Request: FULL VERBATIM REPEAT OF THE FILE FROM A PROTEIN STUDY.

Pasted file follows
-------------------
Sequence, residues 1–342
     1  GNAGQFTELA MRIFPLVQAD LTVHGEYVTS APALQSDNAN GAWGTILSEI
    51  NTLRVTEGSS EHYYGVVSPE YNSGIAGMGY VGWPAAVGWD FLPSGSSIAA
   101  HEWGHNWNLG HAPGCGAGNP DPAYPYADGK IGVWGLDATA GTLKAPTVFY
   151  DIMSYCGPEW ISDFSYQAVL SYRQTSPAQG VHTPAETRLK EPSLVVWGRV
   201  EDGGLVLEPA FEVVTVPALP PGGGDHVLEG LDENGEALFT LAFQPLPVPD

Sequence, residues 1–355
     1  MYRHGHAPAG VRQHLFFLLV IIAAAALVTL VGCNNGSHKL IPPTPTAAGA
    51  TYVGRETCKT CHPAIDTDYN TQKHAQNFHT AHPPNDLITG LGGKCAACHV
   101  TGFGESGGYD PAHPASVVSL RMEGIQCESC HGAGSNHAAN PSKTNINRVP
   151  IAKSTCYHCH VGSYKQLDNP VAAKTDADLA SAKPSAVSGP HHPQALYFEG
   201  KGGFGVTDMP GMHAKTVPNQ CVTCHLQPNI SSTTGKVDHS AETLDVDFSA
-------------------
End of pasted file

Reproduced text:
Sequence, residues 1–342
     1  GNAGQFTELA MRIFPLVQAD LTVHGEYVTS APALQSDNAN GAWGTILSEI
    51  NTLRVTEGSS EHYYGVVSPE YNSGIAGMGY VGWPAAVGWD FLPSGSSIAA
   101  HEWGHNWNLG HAPGCGAGNP DPAYPYADGK IGVWGLDATA GTLKAPTVFY
   151  DIMSYCGPEW ISDFSYQAVL SYRQTSPAQG VHTPAETRLK EPSLVVWGRV
   201  EDGGLVLEPA FEVVTVPALP PGGGDHVLEG LDENGEALFT LAFQPLPVPD

Sequence, residues 1–355
     1  MYRHGHAPAG VRQHLFFLLV IIAAAALVTL VGCNNGSHKL IPPTPTAAGA
    51  TYVGRETCKT CHPAIDTDYN TQKHAQNFHT AHPPNDLITG LGGKCAACHV
   101  TGFGESGGYD PAHPASVVSL RMEGIQCESC HGAGSNHAAN PSKTNINRVP
   151  IAKSTCYHCH VGSYKQLDNP VAAKTDADLA SAKPSAVSGP HHPQALYFEG
   201  KGGFGVTDMP GMHAKTVPNQ CVTCHLQPNI SSTTGKVDHS AETLDVDFSA